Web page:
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Contemporary Conversations:
Amy Pleasant

In an effort to more fully understand the faces behind some of the works in the Museum’s most recent exhibition, Uncommon Territory: Contemporary Art in Alabama, the MUSES teen council had the opportunity to meet and interview three artists about their work: Jamey Grimes, Amy Pleasant, and Pete Schulte.

About the MUSES

The MUSES is a teen council that meets on Wednesday afternoons to enjoy creative experiences in the galleries and coordinate art events for teens in Montgomery. To learn how to represent your school and become part of the MUSES, please contact Elisabeth Palmer at or call 334.240.4362.

About the Artist

Painter and sculptor Amy Pleasant lives and works in Birmingham. She received her BFA from the School of the Art Institute of Chicago and her MFA at the Tyler School of Art in Philadelphia, PA. In 2009, she moved back to Birmingham. Her work focuses on specific fractions of the human body.


Amy Pleasant:

All my work has always been about the figure so I’m really interested in gesture and repetitive gesture. And my practice is also about repetition so I draw like these are all part of a series called Seated. The original installation was actually 15 so this is 9 of the original 15.


Is there any particular reason for the lack of heads and most the arms and legs?


In a lot of my work, I might only do heads or I might only do torsos or I might only do feet, legs or hands. I’m usually focusing on a specific fraction so all of those things are being explored but in separate bodies of work.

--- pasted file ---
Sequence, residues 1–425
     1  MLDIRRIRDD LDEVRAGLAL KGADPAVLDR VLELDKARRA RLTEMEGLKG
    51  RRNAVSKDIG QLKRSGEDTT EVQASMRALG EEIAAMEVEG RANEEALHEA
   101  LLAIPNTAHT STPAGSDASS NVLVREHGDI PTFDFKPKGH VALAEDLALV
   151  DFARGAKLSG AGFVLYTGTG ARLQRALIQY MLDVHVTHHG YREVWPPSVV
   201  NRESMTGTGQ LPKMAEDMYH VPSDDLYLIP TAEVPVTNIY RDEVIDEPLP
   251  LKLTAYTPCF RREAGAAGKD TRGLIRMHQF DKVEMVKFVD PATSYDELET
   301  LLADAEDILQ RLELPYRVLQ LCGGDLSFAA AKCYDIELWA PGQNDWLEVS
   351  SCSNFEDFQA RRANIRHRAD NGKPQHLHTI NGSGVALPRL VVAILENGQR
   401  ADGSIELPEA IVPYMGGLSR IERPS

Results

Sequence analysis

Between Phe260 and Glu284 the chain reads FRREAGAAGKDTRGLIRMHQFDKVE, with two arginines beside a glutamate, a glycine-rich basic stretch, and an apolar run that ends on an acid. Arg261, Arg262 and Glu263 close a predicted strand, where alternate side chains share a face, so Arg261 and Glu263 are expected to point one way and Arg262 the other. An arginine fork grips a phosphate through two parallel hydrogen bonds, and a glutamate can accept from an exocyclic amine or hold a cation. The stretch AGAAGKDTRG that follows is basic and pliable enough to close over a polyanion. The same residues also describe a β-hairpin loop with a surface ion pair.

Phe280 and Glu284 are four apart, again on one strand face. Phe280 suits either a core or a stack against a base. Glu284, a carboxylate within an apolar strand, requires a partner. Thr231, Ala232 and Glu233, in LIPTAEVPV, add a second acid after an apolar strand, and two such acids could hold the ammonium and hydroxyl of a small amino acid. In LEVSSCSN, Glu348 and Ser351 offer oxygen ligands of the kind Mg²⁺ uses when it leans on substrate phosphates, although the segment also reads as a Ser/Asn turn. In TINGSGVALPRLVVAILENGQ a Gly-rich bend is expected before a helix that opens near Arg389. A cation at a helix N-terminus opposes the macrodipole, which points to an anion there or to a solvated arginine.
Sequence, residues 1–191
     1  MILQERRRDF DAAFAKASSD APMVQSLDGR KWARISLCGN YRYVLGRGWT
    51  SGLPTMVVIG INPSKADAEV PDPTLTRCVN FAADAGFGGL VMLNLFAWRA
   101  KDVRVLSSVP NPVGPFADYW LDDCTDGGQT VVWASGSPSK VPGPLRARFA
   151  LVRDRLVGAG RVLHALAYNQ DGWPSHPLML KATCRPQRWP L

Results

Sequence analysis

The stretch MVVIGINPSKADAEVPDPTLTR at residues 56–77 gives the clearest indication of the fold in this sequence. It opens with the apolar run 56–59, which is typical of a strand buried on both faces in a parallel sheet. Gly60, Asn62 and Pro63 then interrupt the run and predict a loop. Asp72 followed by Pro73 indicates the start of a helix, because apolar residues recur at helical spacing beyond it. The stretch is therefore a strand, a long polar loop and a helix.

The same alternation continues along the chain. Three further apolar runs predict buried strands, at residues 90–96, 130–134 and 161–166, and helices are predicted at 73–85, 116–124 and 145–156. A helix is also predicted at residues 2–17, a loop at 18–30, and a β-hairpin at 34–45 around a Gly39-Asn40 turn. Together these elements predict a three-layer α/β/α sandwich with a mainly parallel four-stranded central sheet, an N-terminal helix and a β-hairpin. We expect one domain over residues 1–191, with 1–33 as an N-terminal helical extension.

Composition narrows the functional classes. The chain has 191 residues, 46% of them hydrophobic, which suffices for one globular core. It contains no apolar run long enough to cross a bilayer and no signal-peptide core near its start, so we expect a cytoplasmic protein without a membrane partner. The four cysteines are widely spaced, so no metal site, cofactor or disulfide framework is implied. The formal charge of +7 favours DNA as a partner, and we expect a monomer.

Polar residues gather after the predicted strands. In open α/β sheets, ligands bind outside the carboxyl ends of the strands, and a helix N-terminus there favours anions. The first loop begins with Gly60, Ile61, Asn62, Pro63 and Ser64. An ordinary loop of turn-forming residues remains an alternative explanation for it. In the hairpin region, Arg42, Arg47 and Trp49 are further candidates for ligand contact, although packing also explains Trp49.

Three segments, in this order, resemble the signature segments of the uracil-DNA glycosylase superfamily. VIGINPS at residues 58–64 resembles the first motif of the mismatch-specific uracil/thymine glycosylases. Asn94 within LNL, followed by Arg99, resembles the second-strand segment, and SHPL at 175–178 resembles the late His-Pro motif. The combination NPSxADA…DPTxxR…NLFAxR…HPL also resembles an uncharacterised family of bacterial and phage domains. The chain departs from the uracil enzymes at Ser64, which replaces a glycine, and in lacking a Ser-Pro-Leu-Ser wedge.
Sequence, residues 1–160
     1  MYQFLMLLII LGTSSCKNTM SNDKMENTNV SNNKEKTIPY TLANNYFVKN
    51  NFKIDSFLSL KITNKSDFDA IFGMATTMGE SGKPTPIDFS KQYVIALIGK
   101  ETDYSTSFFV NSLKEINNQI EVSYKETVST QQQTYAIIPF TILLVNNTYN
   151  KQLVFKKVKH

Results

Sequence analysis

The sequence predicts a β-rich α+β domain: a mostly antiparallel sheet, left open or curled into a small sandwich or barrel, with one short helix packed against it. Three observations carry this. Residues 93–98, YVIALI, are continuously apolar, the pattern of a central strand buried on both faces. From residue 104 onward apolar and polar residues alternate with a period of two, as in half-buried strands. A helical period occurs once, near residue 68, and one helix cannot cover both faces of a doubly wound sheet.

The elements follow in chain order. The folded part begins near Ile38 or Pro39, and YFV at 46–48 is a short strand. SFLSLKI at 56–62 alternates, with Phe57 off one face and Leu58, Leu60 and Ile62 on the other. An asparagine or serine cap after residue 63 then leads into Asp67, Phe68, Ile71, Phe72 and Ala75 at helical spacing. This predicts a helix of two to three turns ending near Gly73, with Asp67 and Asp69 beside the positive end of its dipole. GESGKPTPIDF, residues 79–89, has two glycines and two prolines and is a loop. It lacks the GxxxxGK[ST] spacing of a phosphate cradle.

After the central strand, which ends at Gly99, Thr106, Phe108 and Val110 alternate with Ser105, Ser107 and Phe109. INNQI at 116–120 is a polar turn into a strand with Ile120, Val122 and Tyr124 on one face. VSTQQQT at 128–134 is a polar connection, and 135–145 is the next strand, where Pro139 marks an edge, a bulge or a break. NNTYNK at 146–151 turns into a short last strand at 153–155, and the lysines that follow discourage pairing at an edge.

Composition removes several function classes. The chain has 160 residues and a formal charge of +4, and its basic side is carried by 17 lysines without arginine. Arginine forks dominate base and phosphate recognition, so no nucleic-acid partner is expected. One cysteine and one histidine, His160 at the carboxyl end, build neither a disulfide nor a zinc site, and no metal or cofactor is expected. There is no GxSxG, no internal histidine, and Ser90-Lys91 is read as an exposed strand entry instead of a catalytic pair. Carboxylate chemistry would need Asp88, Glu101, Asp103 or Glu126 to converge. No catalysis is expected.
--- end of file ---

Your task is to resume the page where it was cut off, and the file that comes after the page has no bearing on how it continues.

So would you say this is more like a study or is there some sort of meaning?


Yeah, they’re all studies of the body. But they’re not studies in the sense that I would say as preliminary works for something else. They are what they are.


Was the choice of a more feminine form deliberate or was it an accident?


Oh, that’s a very good question because a lot of my work for a long time was about an androgynous figure. I wasn’t interested in being able to tell this is a female, this is a male. I wanted it to be kind of anybody, everybody body. The female form is actually pretty new like in the last year I’ve specifically been making female figures but overall in my whole body of work, I really want it to be about humans, human figures, and gestures.

Pete Schulte:

Can you talk a little bit more about why you gendered your figures?


It was really important for me to make some very specific, strong female figures in the work that weren’t sexualized but that were clearly female forms.

Click here to read the MUSES’ interview with Jamey Grimes.

Click here to read the MUSES’ interview with Pete Schulte.


As the night came to a close, a unifying theme came into view: the question of meaning; what does art really mean? What does it mean to you? As contemporary artists, this is a question that each artist has asked themselves during their respective practices.

It was evident that the focus of the artworks was to pose a question to the viewer, to make an ambiguous statement and force the viewer to think deeply about what they are being asked.

Sometimes, art can be interpreted as a statement, like Peter Schulte’s piece, Humanist Flag, or Tomorrow Gon’ Be Too Late. Other times, it’s a question like Jamey Grimes’ piece, Roil. And yet art can also be a reflection of life, like Amy Pleasant’s series Seated. We greatly appreciate and thank these artists for taking their time to help us explore Uncommon Territory.